PINDROP BLOG

LastPass Patches Remote Compromise Flaw

LastPass has patched a remote compromise vulnerability disclosed this week by a Google researcher, a bug that could be used to gain full access to Firefox users’ LastPass data.

The vulnerability lies in the LastPass extension for Mozilla Firefox, and researcher Tavis Ormandy of Google, who discovered the bug, found that it could be used for a complete remote compromise of users. Ormandy disclosed the flaw to the maker of the popular password manager earlier this week, and the company has released a new version of the extension to fix the bug.

The flaw Ormandy discovered relates to the way the extension handles some iframes.

“<input> boxes are modified with some css, and a click event handler is added that instructs the addon to create a privileged iframe. A page can click the LastPass icon programatically with javascript by creating a MouseEvent() with the right x:y coordinates. Normally a page would not be permitted to navigate to a resource:// url, but this just asks the add-on to do it,” Ormandy said in his bug report.

“That should trick lastpass into processing an openURL command. This allows access to any of the privileged LastPass RPCs, so this is a complete compromise of the lastpass addon. From here an attacker can create and delete files, execute script, steal all passwords, log victims into their own lastpass account so that they can steal anything new saved there, etc, etc.”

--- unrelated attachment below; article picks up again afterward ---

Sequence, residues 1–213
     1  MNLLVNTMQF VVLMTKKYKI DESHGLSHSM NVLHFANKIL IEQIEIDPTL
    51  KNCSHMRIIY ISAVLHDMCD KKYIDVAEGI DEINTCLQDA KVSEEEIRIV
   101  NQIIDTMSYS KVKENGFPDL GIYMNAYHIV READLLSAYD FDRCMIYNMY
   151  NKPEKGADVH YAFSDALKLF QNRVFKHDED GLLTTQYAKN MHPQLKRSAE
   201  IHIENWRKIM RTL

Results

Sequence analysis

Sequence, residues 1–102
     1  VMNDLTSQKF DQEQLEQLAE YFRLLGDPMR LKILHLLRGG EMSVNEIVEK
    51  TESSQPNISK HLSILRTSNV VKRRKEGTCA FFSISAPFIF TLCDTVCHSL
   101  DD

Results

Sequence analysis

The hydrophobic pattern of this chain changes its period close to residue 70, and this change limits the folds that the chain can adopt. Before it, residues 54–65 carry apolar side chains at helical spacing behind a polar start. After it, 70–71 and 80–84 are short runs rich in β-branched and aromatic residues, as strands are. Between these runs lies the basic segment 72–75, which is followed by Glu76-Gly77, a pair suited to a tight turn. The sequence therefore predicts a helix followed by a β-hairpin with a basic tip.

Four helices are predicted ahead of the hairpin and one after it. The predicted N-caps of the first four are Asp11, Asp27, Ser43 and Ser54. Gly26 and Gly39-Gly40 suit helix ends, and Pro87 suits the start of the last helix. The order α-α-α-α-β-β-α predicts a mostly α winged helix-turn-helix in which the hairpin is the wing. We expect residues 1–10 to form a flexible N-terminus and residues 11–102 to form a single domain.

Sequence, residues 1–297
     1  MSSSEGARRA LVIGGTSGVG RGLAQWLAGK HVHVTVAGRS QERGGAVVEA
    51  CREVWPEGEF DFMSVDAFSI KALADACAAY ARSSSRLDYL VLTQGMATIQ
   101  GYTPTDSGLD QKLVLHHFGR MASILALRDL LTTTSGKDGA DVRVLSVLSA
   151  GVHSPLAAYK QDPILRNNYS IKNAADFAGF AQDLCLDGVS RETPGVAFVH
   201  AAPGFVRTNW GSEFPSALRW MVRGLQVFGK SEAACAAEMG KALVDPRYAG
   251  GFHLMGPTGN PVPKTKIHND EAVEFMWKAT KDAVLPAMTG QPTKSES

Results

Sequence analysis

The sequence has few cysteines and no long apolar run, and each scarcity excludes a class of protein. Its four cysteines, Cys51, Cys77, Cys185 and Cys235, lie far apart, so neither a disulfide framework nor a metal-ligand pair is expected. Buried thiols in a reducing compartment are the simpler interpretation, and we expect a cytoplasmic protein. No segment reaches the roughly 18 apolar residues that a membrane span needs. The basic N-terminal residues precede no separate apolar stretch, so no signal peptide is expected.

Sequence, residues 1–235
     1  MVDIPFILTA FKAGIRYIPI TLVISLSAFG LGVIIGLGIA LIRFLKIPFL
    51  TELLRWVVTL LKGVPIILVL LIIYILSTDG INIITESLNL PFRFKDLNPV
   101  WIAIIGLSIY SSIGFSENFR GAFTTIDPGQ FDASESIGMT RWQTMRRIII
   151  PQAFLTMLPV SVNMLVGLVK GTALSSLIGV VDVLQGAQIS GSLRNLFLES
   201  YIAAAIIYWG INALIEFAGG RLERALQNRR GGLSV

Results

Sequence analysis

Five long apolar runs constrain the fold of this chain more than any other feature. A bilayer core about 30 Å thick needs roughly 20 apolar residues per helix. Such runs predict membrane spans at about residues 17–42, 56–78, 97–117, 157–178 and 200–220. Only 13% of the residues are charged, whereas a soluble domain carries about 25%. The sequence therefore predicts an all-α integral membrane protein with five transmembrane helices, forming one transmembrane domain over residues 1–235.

LastPass on Wednesday pushed out a fix for Firefox users that addresses the vulnerability. The company said that an attacker would need to get a victim to visit a malicious site in order to exploit the vulnerability, something that’s not difficult to do.

“First, an attacker would need to successfully lure a LastPass user to a malicious website. Once there, Ormandy demonstrated that the website could then execute LastPass actions in the background without the user’s knowledge, such as deleting items,” LastPass said in a blog post.

The vulnerability does not affect people who use the Chrome, Safari, or other versions of the LastPass extension.

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